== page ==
Online sales tax supporters hope gamble pays off

Supporters of online sales tax legislation have been promised a vote in the Senate this year, but the timing is vague and House consideration is uncertain.

To secure consideration of the online sales tax bill known as the Marketplace Fairness Act, advocates traded away one of their major bargaining chips by allowing a separate long-term ban on local Internet access taxes to go forward. 

There is no guarantee the tactic will pay off amid a condensed election-year schedule, but advocates are bullish, nonetheless. And they are putting pressure on the House to deliver. 

{mosads}“The Speaker has told me that he is going to bring up Marketplace Fairness on the House side. So we are going to vote on it before the end of the year. It is going to be the law anyway,” Senate Minority Leader Harry Reid (D-Nev.) said Thursday.

Senate Majority Leader Mitch McConnell (R-Ky.), who opposes the bill, told reporters that he too believes Speaker Paul Ryan (R-Wis.) told House colleagues that they would get an opportunity to vote on the legislation. But McConnell added, “the Speaker can speak for himself.”

Ryan’s office, however, said the Speaker had made no commitment nor had he set a timeline. In the past, the real roadblocks to passage have been grounded in the House, and Ryan’s office has simply “encouraged” committee work on the issue.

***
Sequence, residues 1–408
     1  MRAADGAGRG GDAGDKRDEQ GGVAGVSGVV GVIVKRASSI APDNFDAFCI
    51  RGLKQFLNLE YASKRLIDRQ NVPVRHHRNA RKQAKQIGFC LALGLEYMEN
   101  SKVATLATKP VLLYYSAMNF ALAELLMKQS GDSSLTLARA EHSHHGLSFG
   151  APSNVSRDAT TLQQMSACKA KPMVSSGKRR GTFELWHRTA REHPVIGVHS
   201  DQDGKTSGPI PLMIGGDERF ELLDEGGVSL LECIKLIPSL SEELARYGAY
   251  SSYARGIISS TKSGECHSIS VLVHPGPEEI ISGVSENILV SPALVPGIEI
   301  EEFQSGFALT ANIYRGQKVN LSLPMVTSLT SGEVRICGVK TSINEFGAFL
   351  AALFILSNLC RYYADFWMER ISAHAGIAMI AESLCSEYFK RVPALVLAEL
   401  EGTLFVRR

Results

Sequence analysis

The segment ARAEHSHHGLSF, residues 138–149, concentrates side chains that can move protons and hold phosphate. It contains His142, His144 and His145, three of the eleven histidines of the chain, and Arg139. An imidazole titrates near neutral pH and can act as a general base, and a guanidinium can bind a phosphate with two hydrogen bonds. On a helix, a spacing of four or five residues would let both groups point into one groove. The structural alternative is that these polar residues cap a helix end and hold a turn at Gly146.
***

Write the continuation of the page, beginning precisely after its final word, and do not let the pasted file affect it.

The bill would give states more authority to tax purchases made online, even when someone in their state buys the online item from a retailer with no physical location in the state. States and retail groups have long called for a fix, arguing that physical stores are being outmatched by online stores because of the tax advantage.

This week, McConnell promised a vote on the legislation “sometime this year” but wouldn’t get more specific. In exchange, a group of senators backed off their attempt to strip a permanent ban on taxing consumer Internet access out of a broader customs enforcement package. The package passed and is awaiting President Obama’s signature.

Most state and local taxes on the monthly service bills customers pay for Internet access have been outlawed since 1998 under the Internet Tax Freedom Act (ITFA), but the ban has constantly needed renewal. The proposal passed this week removes the sunset date on the ban and makes sure it remains on the books for good.

“Nothing’s ever permanent around here but you know if you do permanency, you don’t have these cliffs to deal with that periodically have vexed congresses for a long time,” McConnell said after the vote. 

Supporters of the Marketplace Fairness Act have for years tried to tie their preferred online sales tax bill to the periodic extensions of the ITFA. Those yearly cliffs McConnell derided were seen by others as leverage — which is now gone because the Internet access tax ban no longer needs to be renewed.

Splitting the two proposals up, according to Reid, was a move to protect vulnerable senators up for reelection, like New Hampshire Sen. Kelly Ayotte (R), whose state does not have any kind of sales tax.